While looking for information surrounding Google’s recent quality update, I stumbled upon this article from SearchEngineLand.com that explains how Google holds the quality of content on websites related to financial matters to a much higher standard than other topics.
The article reports on a copy of Google’s ‘Page Quality Rating Guidelines’ leaked in 2013, which advises it's Search Quality Raters (Google's human assessors) to hold websites that advise in financial matters, or health issues (dubbed 'Your Money or Your Life' pages), to a higher standard.
The document states:
"There are some pages for which PQ is particularly important. We call these pages Your Money or Your Life (YMYL) pages. They are pages that can have an impact on your current or future well being (physical, financial, safety, etc.). YMYL pages should come from reputable websites and the content should be created with a high level of expertise and authority.”
SearchEngineLand report that the document then lists five examples of Your Money or Your Life pages:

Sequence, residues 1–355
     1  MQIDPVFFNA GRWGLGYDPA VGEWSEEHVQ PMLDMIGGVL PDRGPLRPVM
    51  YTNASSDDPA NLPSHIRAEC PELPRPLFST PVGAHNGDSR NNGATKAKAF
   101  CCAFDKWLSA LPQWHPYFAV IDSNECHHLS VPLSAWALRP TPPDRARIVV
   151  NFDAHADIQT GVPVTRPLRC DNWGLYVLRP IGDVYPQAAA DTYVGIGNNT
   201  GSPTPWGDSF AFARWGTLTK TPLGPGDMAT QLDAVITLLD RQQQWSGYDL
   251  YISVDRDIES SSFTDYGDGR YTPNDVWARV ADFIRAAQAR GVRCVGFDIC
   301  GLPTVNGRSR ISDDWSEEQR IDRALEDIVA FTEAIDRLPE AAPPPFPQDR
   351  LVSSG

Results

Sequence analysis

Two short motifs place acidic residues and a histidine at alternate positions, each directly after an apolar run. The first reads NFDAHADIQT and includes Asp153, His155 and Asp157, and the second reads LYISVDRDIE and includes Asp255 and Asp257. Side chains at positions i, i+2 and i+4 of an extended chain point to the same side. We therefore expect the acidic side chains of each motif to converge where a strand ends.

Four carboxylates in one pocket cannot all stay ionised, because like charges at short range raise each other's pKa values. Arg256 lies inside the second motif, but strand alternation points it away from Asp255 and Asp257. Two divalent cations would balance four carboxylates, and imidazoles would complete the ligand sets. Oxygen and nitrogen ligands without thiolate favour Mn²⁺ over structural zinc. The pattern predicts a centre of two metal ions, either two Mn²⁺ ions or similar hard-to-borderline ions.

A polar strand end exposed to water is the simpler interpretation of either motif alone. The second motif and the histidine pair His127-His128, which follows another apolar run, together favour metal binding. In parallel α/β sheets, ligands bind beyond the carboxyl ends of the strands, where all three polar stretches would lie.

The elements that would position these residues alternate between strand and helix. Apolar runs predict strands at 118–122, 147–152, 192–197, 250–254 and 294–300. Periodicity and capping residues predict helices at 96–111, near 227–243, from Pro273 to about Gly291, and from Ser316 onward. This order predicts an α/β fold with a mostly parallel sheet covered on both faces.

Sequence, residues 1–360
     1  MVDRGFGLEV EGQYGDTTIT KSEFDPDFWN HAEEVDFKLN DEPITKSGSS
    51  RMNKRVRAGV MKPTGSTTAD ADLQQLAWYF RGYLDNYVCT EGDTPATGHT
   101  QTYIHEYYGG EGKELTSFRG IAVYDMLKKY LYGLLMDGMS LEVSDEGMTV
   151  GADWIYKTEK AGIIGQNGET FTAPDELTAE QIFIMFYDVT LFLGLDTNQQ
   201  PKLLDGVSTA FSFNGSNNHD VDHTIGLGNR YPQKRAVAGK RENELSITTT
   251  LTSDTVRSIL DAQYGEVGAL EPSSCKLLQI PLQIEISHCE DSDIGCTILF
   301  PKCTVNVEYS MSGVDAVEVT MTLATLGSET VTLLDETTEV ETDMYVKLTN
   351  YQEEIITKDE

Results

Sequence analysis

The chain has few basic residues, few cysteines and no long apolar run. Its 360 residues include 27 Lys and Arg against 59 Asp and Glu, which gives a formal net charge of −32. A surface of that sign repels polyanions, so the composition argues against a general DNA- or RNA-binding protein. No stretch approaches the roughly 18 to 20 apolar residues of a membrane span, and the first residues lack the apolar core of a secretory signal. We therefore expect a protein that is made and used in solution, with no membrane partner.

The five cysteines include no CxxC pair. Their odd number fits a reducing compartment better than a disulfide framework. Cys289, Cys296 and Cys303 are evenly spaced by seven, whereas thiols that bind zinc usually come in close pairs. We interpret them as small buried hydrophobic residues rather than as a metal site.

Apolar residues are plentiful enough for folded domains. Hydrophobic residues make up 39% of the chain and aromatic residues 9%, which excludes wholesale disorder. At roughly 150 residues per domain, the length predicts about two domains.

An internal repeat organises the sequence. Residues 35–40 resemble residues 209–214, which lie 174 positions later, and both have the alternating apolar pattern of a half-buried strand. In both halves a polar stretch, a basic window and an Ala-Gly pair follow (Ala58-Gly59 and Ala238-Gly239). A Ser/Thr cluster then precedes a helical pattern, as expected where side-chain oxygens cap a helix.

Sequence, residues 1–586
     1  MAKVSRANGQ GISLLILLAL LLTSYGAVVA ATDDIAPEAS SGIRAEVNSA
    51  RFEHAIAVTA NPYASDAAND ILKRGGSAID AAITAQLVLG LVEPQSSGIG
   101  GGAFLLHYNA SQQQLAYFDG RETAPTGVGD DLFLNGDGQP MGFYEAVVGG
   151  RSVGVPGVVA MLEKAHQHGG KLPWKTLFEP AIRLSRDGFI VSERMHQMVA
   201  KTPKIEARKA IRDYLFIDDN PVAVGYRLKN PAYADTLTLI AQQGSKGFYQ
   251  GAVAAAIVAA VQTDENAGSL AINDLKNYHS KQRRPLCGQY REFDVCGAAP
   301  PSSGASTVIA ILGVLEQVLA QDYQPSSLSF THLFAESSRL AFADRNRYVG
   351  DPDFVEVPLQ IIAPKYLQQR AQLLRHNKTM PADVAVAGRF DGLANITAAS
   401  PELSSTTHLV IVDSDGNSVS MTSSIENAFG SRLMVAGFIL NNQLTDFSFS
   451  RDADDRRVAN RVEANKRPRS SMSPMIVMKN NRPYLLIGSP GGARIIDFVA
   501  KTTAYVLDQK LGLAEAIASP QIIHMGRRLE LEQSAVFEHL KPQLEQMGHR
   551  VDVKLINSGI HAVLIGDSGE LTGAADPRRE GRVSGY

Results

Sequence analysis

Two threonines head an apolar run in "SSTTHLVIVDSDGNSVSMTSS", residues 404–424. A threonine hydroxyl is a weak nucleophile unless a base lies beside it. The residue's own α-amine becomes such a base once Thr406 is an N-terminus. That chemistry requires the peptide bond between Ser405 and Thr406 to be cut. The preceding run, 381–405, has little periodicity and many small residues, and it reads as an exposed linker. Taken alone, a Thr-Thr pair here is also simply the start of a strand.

- Pages that solicit personal information, such as personal identification numbers, bank account numbers, drivers license numbers, etc., which could be used for identify theft.
- Pages used for monetary transactions, on which users might give their credit account or bank account information; for example any page that allows you to buy something.
- Pages that offer medical or health information that could impact your physical well being.
- Pages offering advice on major life decisions, such as pages on parenting, purchasing a home, a vehicle, etc.
- Pages offering advice on major life issues that could impact your future happiness and finances, such as pages giving legal or financial advice.
The lesson here is that to remember that Google is not only assessing your website from the perspective of an automated algorithm, but is also accounting for the human element - it is considering the reliability of your content, placing integrity, honesty and intent alongside keywords, social shares and inbound links.